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Nancy Lazar, head economist and founder of Cornerstone, notes that “prior to every major upturn in U.S. and global economic activity, commodity prices and global short rates declined. So, these recent moves are very supportive of growth in 2015.” That’s her chart above.
She notes that on the commodity side:
  • Brent oil declined 2.9% week over week, and has plunged 27.5% from its June 2014 peak.
  • Gasoline futures prices declined 1.6% week/week, and have plunged 31.7% from June peak.
  • Ag and livestock prices fell 1.0% w/w, and are -18.2% from May 2014 peak.
On the global short rate side:
  • Developed world short rates (weighted by GDP) are down 18bp from April 2014 peak.
  • Emerging world short rates are down 41bp from their April 2014 peak.
  • Global short rates are down 18bp from their April 2014 peak.
Nancy, who is a very smart, nice, Wall Street pioneer and dynamo, goes on to argue that these tailwinds are particularly supportive of U.S. growth for 3 reasons:
  • U.S. households and small businesses have already cut their leverage significantly, e.g., private debt as a percentage of GDP has declined from 169% of GDP in 2009, to 144% in 2Q of 2014.
  • The U.S. banking system has recovered, and is working.
  • The U.S. has long-term drivers of growth, such as housing, capital spending and oil exploration and production.
  • And the outlook for the U.S. consumer is improving, with income gains accelerating. Lifted by a strong gain in the workweek and a solid gain in employment, nominal income probably rose a strong 0.6% month over month in October. The three-month average of real income has increased at a 4.6% annual rate, the fastest in 4 years, which is a good backdrop for consumer spending in the fourth quarter, particularly for holiday sales.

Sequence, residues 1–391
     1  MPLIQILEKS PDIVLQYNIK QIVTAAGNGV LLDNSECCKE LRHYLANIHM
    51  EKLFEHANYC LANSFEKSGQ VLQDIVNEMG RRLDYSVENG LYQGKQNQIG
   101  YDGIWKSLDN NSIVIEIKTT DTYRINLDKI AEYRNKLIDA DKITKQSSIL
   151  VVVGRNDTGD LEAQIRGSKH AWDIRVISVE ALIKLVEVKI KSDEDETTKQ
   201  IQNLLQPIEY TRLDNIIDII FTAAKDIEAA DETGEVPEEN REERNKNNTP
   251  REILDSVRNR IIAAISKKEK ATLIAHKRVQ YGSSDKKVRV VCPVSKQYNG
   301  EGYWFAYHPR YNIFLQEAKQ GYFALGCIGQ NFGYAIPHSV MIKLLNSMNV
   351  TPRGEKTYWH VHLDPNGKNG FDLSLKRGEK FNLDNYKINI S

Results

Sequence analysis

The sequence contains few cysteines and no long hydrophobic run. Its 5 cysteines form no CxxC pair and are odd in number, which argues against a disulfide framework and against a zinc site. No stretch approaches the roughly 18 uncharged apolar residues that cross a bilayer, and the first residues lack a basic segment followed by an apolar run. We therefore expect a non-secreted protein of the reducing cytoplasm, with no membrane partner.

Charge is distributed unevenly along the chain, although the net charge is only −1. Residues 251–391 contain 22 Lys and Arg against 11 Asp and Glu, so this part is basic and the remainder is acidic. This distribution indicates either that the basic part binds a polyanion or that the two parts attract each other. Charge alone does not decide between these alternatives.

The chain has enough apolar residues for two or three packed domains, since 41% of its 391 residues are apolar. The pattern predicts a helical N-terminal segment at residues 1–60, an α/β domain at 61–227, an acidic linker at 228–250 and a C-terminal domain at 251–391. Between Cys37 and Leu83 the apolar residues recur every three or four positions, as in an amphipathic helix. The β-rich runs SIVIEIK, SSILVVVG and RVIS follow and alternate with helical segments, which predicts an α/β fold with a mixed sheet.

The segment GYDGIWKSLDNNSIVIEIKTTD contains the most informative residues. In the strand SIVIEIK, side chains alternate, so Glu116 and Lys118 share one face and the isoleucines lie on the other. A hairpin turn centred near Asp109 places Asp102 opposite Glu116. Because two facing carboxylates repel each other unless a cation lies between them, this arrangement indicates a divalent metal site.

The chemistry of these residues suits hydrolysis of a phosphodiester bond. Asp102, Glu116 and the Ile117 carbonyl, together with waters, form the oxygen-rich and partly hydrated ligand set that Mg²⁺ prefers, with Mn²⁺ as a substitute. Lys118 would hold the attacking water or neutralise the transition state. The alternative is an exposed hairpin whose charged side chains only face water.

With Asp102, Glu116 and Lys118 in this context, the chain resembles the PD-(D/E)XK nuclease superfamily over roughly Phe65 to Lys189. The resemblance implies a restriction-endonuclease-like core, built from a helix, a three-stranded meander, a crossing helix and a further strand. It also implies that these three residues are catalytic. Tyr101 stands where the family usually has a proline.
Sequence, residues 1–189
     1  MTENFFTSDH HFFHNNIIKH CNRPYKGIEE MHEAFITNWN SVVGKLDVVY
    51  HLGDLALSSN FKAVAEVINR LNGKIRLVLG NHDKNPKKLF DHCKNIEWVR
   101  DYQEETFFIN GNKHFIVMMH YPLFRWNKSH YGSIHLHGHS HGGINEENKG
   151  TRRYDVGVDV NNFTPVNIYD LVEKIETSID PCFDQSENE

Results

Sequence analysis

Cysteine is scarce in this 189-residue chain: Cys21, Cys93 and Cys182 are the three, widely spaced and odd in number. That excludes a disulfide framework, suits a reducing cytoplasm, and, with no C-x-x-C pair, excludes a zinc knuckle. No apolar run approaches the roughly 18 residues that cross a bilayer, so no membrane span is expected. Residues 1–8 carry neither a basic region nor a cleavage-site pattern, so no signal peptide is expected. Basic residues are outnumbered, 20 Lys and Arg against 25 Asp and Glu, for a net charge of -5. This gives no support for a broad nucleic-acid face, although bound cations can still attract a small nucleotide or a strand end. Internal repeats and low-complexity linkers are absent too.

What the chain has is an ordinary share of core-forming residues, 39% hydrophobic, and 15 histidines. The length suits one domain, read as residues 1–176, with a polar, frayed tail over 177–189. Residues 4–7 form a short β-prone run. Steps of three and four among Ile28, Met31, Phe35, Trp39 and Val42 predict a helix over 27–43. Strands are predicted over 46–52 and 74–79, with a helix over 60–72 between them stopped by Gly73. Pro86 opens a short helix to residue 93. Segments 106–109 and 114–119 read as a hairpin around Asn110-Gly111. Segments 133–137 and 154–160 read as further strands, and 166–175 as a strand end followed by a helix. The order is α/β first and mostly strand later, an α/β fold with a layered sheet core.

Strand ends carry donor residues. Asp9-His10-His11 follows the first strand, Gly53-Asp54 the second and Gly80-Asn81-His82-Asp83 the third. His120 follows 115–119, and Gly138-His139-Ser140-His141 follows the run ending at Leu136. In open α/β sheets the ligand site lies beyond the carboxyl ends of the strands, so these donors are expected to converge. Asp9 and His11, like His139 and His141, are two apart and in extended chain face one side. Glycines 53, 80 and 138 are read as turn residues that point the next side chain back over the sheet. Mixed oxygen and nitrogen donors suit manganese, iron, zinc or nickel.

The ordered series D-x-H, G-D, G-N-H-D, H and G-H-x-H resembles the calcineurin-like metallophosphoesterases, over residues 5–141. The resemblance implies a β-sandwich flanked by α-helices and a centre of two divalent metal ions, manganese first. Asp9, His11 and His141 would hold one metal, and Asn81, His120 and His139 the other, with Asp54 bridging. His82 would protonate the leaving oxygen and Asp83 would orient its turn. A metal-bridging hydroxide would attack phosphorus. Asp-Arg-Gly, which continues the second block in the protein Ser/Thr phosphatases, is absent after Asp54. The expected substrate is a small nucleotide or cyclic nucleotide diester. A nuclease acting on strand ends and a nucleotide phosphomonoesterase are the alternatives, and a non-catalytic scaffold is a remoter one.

Today’s Reports and Earnings: (NYSE:WUBA), Beazer Homes (NYSE:BZH), Canadian Solar (NASDAQ:CSIQ), Cisco Systems (NASDAQ:CSCO), Dillard’s (NYSE:DDS), Macy’s (NYSE:M), NetApp (NASDAQ:NTAP), NetEase (NASDAQ:NTES) and WuXi PharmaTech (NYSE:WX) are among some notable companies reporting earnings Today.

Talking Points and Killing the Need for Passwords With Biometrics: 

Uber: Congress’ New Private Driver (HPS)
Best Business Schools 2014: By the Numbers (Business Week)
As oil prices drop, Wall Street takes one for the team (Fortune)
The 20-Year Bull Market (Crossing Wall Street)
A history lesson, and why Europe should try to be more Canadian (Cam Hui)
Rich people are splurging on million-dollar homes again. Here’s why. (Washington Post)
QE isn’t dying, it’s morphing (Nomi Prins)
Revenue Softness Worries Stock Investors (WSJ)
Charting a strong bull trend with room to run (Barron’s)
Dear Senator Ted Cruz, I’m going to explain to you how Net Neutrality ACTUALLY works (The Oatmeal)
Man and Uber Man (Vanity Fair)
Retirement Planning: Millennials vs. Boomers (Research Affiliates)
The Massive Economic Benefits Of Self-Driving Cars (Forbes)
Significance of Secular Market Should Not Be Underestimated (Washington Post)
The Stock Market Doesn’t Care About Elections (NYT)
Best Immigration Policy Is More Immigration (Bloomberg View)

Killing the Need for Passwords With Biometrics

Have a Great Day!